Demonstrations, protests and mass assembly are symbolic acts. They have their purpose. When I heard the news about the NDAA provisions, in between trembling mouse clicks I thought that if there was a time for the OWS to make themselves useful it would be now, because even just a hundred thousand ordinary people marching on Washington into a hail of rubber bullets, bean bag, tear gas, water cannon, LRAD and attack dogs would have severely shaken the resolve of those counted upon to usher through those provisions. There would be casualties, but it would be nothing compared to these provisions becoming a reality and taken through to its only final, logical conclusion, by that time decades later. But of course, that was just a wild flight of fancy. Mass assembly is no longer possible, not since the million man march. Americans are also more familiar to being guided and influenced by lobbies, PR firms and mass media, than they are with the vagaries of martial law and the police state, with disappearances of people, walls of silence, economic and social pressure brought to bear on individuals, with the parilla, with murders carried out by criminals and paramilitaries as a form of extra-judicial punishment and terror, with mobs incited to massacre defenceless young and old and commit all sorts of atrocities you do not even inflict on animals, with holding their tongue because what they know and feel can never be said out loud, for not even a moment’s lapse because anybody who could hear could then point you out to anybody interested in taking notice.

    I have noticed that for many years the places and countries I thought of as backwards were not really backwards. They were advanced. They were advanced in levels of human degradation. What I thought of as a remnant of an undeveloped past was actually an advancement brought about by the methodical application of tactics and strategies designed to reduce people.

    We common people struggle to even understand the world around us. If that were not so, then how could there be so many people out there telling us so many conflicting things, drumming in our lessons, subtly and not so subtly showing us our place? How could there be entire industries built around it? There is a level underneath the realm of public consciousness about how the world really works, and until people in general understand this, activism will always fail or do less than what it should. Activism is reduced to a rabble of people agitating for special rights and interests, when it should be about more. It should be an understanding of consequences, motives, interests. In theory this could help protect humanity from the hubris and mistakes of its own leaders.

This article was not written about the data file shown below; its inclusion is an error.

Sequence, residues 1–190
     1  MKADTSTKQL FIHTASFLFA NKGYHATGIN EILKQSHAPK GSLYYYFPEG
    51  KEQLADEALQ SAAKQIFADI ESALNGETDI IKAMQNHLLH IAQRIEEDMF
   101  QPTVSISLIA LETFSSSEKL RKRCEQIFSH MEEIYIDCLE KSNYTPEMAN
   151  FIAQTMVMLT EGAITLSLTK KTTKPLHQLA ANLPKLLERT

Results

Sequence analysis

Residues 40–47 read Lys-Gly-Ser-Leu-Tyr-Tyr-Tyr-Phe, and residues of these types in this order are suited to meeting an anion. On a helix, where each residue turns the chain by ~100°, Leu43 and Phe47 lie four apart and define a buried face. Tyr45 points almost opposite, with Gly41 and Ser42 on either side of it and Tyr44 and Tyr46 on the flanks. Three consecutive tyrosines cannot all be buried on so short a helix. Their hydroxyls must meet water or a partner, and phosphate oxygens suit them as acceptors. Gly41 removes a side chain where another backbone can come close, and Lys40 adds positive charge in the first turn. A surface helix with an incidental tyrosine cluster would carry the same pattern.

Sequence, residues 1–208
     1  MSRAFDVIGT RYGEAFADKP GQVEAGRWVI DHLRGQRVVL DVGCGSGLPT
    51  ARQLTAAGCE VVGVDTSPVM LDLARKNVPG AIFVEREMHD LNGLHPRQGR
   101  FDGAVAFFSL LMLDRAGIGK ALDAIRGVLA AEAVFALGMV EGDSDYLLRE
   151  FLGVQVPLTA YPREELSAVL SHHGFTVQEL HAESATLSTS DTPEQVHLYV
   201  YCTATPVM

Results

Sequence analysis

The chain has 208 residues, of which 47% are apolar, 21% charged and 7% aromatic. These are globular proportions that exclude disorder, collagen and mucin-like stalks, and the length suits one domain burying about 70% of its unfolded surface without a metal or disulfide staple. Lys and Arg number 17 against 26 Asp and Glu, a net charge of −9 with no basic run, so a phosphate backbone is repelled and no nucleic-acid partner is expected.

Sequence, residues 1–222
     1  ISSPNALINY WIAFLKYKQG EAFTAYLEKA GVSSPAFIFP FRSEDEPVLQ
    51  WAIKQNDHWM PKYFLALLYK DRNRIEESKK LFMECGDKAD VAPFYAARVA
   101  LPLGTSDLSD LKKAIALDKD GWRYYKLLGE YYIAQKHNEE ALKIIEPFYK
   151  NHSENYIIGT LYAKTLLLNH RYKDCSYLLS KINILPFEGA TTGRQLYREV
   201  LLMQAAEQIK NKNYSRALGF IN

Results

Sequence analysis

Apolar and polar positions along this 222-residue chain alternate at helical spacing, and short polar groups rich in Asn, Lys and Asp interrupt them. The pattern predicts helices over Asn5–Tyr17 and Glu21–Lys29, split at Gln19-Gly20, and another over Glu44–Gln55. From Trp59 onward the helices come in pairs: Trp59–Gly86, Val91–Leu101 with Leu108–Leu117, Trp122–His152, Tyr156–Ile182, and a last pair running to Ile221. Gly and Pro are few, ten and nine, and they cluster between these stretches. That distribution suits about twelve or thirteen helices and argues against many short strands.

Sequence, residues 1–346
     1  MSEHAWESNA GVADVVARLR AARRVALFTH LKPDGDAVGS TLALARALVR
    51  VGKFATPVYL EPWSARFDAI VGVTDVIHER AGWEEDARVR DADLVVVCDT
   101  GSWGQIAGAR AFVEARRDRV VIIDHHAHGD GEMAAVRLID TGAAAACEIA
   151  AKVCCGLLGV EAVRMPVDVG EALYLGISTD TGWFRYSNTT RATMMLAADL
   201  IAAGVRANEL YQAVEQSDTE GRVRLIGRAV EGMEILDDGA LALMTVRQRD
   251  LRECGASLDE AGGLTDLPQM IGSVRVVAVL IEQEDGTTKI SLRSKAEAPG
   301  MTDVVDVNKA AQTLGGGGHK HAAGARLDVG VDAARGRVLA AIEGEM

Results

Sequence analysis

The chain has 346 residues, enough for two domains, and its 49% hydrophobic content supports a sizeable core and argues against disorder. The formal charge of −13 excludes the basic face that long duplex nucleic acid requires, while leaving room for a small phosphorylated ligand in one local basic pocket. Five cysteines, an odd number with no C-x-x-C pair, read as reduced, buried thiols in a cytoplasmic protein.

This era will decide if any lasting, meaningful impact will come from the efforts of activists, or if as a wise man once wrote, we are helpless, like the animals. Failing this then this new century will not be an American one or even an Asian one, but one where dystopia becomes an irreversible norm and progresses more and more, becoming more advanced, and people continue sleepwalking into it.

  6. By the way, speaking of activism, there was a great David Brooks column recently. He talks about how people who protest these days are only going by feeling, and not doing their research. I couldn’t agree more.

    “If you go out there armed only with your own observations and sentiments, you will surely find yourself on very weak ground. You’ll lack the arguments, convictions and the coherent view of reality that you’ll need when challenged by a self-confident opposition. “

  7. Brooks also goes onto say

    ‘You should attach yourself to a counter-tradition and school of thought that has been developed over the centuries and that seems true. ‘

    and quotes the man Jesus as presenting a new religion or alternative.

    That tradition is basically one of human integrity – love thy neighbour. The system that followed it, Christianity, then became perverted until it became a religion as well and suffocated its original message of love thy neighbour

    So fast forward today, corruption from governments we trusted are staring in peoples faces but instead of taking action for fear of dystopia, we survivalists just bury our heads in the sand hoping it will go away. Undoubtedly, more of doing nothing means more suffering until its us who are suffering and by then it may be too late.

    ‘all it takes for evil to win is for good people to do nothing’. As long as we consider ourselves evil, that phrase doesnt apply.

    Stereotypical Asian apathy included.